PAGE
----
On July 16, 2020, Soha & Lang, P.S. attorney Jillian Henderson was elected President of the Washington Defense Trial Lawyers (WDTL). WDTL provides education, recognition, collegiality, professional development, and advocacy for and on behalf of civil defense litigators. Jillian’s election culminates years of service. Congratulations Jillian and well done!
The company will pay on behalf of the insured all sums which the insured shall become legally obligated to pay as damages because of . . . property damage to which this insurance applies, caused by an occurrence, and the company shall have the right and duty to defend any suit against the insured seeking damages on account of such . . . property damage, even if any of the allegations of the suit are groundless, false or fraudulent, and may make such investigation and settlement of any claim or suit as it deems expedient, but the company shall not be obligated to pay any claim or judgment or to defend any suit after the applicable limit of the company’s liability has been exhausted by payment of judgments or settlements.
The court reasoned:
Because the phrase “exhausted by payment of judgments or settlements” is not defined by the policies, the court must look to its plain meaning. Though this phrase may seem straightforward at first glance, the fact cannot be overlooked that this is not an ordinary insurance coverage case, but instead involves an environmental action by DEQ and EPA. As summarized by another court:
In the typical coverage case, a primary insurer validly exhausts its indemnity limits when it pays a settlement or judgment resolving third party claims . . . In an environmental action like this one where the insured is faced an RAO (Remedial Action Order), however, there is no settlement or judgment in the usual sense of the words. For these reasons, it is difficult to ascertain precisely at which point indemnity limits may be validly exhausted. Consequently, in the context of an environmental action, the phrase “exhausted by payment of judgments or settlements” is ambiguous because it is subject to more than one reasonable interpretation. The court must therefore consider the context in which the term is used in the policy as well as the “broader context of the policy as a whole.”
The court found persuasive that for the purposes of compelling coverage for environmental claims, ORS 465.480 treats environmental claims as if they were lawsuits. The court further concluded that the DEQ and EPA orders and agreements with Siltronic included language of finality and an intent to create legally enforceable rights and responsibilities to a third party. The court found that there was no evidence that Wausau’s payment of the indemnity limits was anything other than in good faith. The underlying environmental action had been ongoing for nine years before Wausau declared exhaustion of the coverage limits. Additionally, and perhaps most importantly, Wausau accepted tender for coverage at the time that Siltronic gave notice of the environmental contamination actions against it. Within two months, it began paying the costs Siltronic incurred in response to DEQ’s and EPA’s various demands. and it continued to pay those costs for six years.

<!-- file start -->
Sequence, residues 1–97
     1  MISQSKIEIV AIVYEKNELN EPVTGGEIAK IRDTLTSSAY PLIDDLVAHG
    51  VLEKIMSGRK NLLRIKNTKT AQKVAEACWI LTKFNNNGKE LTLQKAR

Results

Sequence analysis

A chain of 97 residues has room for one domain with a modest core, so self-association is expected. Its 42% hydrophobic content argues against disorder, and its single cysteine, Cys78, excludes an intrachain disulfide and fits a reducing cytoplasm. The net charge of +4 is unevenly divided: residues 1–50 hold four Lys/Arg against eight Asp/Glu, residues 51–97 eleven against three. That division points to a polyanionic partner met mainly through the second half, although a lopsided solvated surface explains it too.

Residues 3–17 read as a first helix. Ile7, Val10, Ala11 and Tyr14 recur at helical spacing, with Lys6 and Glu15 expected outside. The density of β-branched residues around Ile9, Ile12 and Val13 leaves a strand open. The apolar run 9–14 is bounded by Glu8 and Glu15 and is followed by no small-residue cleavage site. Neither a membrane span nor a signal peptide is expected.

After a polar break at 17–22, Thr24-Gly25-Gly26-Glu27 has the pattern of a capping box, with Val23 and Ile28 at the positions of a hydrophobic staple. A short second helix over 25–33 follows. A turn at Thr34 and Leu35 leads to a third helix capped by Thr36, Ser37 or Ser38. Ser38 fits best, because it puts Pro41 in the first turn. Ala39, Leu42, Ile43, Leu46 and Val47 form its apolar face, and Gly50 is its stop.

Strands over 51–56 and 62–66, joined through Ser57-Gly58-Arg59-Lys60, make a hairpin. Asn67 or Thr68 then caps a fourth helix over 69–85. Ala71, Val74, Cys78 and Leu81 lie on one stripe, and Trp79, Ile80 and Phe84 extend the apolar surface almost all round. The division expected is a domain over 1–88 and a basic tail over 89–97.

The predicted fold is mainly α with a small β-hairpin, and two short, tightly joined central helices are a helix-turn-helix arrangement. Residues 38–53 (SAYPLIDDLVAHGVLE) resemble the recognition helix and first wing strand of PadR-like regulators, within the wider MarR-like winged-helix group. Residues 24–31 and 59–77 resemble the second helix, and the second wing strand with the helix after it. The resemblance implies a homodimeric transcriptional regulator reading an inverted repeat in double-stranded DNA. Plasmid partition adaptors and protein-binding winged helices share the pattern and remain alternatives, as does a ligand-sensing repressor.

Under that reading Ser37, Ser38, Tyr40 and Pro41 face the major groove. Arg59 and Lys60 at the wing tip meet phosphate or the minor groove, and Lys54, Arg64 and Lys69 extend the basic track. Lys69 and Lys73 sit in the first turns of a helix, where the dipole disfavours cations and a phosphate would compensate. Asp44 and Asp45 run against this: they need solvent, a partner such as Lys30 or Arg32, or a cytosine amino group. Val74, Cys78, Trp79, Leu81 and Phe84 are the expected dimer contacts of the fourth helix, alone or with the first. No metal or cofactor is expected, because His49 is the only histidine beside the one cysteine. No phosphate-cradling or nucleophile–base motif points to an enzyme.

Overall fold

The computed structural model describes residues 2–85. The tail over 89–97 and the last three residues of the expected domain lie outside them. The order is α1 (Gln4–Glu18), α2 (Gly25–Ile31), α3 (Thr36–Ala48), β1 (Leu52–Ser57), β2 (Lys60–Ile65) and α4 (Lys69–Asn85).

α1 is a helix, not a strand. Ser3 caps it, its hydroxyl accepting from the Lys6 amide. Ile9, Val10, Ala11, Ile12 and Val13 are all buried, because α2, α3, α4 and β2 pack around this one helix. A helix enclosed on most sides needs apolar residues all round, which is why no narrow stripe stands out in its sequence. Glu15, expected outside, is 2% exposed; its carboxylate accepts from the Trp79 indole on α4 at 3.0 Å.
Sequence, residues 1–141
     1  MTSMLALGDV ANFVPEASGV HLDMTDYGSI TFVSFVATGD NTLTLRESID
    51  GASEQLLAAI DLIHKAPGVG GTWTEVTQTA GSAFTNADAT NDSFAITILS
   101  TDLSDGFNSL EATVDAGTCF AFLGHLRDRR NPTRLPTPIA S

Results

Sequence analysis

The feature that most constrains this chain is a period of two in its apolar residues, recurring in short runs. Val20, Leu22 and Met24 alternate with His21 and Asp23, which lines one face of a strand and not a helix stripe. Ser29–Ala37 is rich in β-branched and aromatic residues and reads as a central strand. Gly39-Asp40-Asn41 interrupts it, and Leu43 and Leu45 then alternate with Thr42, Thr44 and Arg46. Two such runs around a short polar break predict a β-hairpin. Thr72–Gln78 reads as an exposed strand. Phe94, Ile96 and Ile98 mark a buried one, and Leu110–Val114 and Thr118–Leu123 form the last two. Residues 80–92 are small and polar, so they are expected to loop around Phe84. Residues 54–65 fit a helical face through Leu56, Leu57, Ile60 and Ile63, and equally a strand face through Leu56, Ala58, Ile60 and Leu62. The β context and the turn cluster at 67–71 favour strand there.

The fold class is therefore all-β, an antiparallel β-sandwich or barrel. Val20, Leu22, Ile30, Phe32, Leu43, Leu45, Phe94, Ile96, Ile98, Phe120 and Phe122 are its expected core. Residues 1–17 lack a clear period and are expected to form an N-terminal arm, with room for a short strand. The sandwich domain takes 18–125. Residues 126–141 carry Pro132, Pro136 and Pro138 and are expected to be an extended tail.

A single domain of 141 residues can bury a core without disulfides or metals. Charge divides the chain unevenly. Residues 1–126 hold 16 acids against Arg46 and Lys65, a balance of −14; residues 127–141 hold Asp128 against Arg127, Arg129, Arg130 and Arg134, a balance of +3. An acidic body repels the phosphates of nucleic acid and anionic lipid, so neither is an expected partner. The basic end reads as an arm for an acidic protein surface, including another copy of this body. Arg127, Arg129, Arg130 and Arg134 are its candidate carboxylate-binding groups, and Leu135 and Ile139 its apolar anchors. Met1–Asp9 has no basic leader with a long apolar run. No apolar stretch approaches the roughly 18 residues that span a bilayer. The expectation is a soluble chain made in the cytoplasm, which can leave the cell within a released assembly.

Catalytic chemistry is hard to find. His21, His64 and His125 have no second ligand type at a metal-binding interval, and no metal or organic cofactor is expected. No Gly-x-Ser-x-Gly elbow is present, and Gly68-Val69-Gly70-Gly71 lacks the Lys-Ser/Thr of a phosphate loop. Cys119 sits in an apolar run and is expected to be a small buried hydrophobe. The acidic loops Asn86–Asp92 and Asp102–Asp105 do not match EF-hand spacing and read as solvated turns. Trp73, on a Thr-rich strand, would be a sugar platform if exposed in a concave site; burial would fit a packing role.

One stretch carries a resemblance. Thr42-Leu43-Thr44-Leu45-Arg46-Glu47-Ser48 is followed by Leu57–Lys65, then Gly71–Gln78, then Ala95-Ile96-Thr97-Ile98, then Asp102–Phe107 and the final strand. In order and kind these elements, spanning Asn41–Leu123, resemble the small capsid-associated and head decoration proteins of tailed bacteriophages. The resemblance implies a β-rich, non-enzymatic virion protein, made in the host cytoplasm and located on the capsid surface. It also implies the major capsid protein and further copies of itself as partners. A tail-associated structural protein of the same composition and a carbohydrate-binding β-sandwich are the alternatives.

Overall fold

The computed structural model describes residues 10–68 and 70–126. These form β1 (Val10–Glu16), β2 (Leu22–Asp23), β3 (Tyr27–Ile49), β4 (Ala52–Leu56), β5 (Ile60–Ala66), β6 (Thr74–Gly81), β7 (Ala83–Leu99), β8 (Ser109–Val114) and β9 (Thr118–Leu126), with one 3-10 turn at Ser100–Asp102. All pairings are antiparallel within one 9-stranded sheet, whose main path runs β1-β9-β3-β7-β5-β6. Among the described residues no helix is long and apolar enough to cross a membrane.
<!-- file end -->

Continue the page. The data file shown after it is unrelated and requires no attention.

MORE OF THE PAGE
Staples v. Allstate Insurance Co., __ Wn.2d __, __P.3d ___, 2013 WL 25887 (January 24, 2013)
The insured, whose insurance claim was denied for failure to cooperate, brought action against his homeowners’ insurer, alleging breach of contract, bad faith, and violation of the Insurance Fair Conduct Act (IFCA). In the trial court, summary judgment was entered for the insurer, and the insured appealed. The Court of Appeals affirmed, and appeal was taken to the Washington Supreme court who then reversed.
The insured, John Staples (“Staples”) had his van stolen from a parking lot. In the van, Staples had stored a large collection of tools. When staples reported the theft to the police, he stated that the tools were worth approximately $15,000, and that his van was a “work truck” that was absically a “mobile workshop” for his business. Two weeks later, Staples submitted a claim for the theft loss under his homeowner’s policy issued by Allstate. Staples told Allstate that the tools were worth between $20,000 and $25,000 and were for his personal use although they could be used for work.